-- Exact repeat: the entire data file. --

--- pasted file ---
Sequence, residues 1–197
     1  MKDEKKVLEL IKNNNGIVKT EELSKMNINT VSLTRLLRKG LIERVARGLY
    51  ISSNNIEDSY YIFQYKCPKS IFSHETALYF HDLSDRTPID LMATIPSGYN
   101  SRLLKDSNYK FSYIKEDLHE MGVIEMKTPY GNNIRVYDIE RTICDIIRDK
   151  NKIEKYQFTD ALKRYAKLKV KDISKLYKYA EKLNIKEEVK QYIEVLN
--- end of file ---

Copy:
Sequence, residues 1–197
     1  MKDEKKVLEL IKNNNGIVKT EELSKMNINT VSLTRLLRKG LIERVARGLY
    51  ISSNNIEDSY YIFQYKCPKS IFSHETALYF HDLSDRTPID LMATIPSGYN
   101  SRLLKDSNYK FSYIKEDLHE MGVIEMKTPY GNNIRVYDIE RTICDIIRDK
   151  NKIEKYQFTD ALKRYAKLKV KDISKLYKYA EKLNIKEEVK QYIEVLN